Thus the first word she speaks to another character (her father) is an uncompromising, 'Nothing'.She is disgusted by her sisters' lack of integrity.Unlike Christ however, and against all Lear’s hope, there is no resurrection for Cordelia on stage.
Thus the first word she speaks to another character (her father) is an uncompromising, 'Nothing'.She is disgusted by her sisters' lack of integrity.Unlike Christ however, and against all Lear’s hope, there is no resurrection for Cordelia on stage.Tags: Richard Wright A Collection Of Critical EssaysWorld Bank International Essay Competition 2014Essay Film NoirCitations In A Research PaperGeometry Problem SolvingInspirational Quotes For Scholarship EssaysCritical ThinkingsExample 5 Paragraph EssayCharacter Analysis Essay Everyday UseArgument Essay About Abortion
1)The Character of Cordelia in King Lear� Cordelia is the epitome of goodness in Shakespeare�s King Lear.� "What shall Cordelia speak? These words echo a reminiscent time when loyalty to the king and one's father was paramount.
King Lear, Cordelia's father, planned on dividing his land among his three daughters, but for a price, the price of their love.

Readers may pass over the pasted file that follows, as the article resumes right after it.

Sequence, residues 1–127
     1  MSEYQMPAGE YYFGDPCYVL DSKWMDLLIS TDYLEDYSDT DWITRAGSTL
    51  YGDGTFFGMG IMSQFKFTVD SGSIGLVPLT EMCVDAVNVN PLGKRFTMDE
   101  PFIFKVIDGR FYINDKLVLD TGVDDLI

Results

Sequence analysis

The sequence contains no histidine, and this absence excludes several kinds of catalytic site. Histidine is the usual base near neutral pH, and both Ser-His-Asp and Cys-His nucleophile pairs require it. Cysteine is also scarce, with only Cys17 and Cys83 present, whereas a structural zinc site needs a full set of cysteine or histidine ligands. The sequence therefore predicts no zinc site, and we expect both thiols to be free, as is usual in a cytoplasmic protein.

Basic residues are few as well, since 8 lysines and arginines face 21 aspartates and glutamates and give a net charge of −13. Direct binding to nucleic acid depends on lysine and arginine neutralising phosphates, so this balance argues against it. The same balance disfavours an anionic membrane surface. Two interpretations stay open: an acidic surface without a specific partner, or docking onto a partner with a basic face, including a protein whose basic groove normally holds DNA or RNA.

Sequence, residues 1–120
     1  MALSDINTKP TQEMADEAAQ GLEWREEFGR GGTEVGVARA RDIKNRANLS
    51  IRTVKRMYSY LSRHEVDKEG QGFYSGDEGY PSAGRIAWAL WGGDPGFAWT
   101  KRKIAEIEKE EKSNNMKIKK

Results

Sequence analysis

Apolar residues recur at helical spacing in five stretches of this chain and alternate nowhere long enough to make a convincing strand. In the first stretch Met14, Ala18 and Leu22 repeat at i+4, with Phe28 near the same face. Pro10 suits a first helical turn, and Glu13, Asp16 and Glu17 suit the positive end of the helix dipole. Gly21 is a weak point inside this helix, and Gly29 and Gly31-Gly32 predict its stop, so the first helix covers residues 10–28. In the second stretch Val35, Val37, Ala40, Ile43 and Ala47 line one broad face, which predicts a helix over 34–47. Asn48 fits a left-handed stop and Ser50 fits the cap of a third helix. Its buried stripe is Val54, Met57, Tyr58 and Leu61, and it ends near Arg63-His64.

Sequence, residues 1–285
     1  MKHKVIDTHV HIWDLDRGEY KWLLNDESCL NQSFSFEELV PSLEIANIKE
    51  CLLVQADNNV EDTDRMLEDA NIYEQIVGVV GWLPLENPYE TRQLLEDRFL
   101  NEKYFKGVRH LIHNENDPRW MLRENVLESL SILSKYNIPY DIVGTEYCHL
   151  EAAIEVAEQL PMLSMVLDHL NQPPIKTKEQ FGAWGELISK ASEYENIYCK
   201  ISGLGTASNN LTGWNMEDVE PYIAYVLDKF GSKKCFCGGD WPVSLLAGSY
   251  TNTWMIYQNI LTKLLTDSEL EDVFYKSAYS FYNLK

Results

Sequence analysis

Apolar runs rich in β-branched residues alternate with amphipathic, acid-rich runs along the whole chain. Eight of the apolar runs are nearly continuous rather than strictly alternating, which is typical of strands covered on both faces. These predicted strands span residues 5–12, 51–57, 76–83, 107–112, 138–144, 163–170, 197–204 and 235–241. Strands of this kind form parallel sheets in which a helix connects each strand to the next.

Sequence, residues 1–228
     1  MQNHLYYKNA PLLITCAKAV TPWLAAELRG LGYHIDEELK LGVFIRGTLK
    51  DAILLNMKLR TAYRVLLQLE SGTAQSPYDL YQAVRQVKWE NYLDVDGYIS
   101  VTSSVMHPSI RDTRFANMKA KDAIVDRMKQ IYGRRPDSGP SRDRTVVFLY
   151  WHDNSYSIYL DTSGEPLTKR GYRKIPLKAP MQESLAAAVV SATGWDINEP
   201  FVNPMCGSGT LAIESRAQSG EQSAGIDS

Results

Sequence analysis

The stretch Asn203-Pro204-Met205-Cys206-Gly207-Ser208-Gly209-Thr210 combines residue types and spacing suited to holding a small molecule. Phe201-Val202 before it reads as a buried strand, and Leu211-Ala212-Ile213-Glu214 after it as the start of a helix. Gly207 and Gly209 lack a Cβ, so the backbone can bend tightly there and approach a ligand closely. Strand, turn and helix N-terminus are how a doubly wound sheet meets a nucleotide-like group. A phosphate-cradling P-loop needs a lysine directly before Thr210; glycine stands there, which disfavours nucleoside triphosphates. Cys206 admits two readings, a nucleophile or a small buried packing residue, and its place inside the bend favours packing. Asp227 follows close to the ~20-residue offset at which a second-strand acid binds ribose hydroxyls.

She fears what will happen to her father left to the mercies of two such unscrupulous sisters.
The cool, quiet terseness of Cordelia's language distinguishes her from the rest of her family in this opening scene.
Cordelia appears in only three episodes of the play, speaking a total of only 118 lines (fewer than either Goneril or Regan) and yet she makes an impact far greater than such a relatively small role may suggest.
In Act 1 Scene 1 the first words Cordelia speaks in the play are asides to the audience in which she says that she will never be able to pass her father's ‘test’ of affection: her love cannot be put into words so she decides to opt for silence.However, it is empathy for her father’s suffering, as well as Lear’s recognition of his wrong-doing, which motivates her denial.When Cordelia and her father are ultimately captured and taken to prison in Act 5 Scene 3, she accepts her fate with serenity.Such an association would be strengthened by Cordelia’s final appearance is as a corpse in Lear's arms.This is an inversion of the traditional Pietà scene where a woman/mother (Mary) cradles a dead man/son (Jesus), familiar to Shakespeare’s contemporaries through many religious paintings and sculptures.Her innate goodness has already been emphasised by presenting her on stage alongside Kent, both figures of truth and loyalty.By the time she is reconciled to Lear, the old king has come to acknowledge his grievous errors and his mistreatment of Cordelia.When she finally appears in Act 4 Scene 4, Cordelia is associated with the healing powers of nature, which she calls on to aid her father’s recovery.Far from the thoughts of vengeance which dominate her sisters, she makes it clear that her fundamental loyalty is to her father.In this first episode she epitomises truth-telling and integrity, directness and sincerity.Honesty is more important for her than pleasing her father and she knows that her uncompromising answer will alienate him.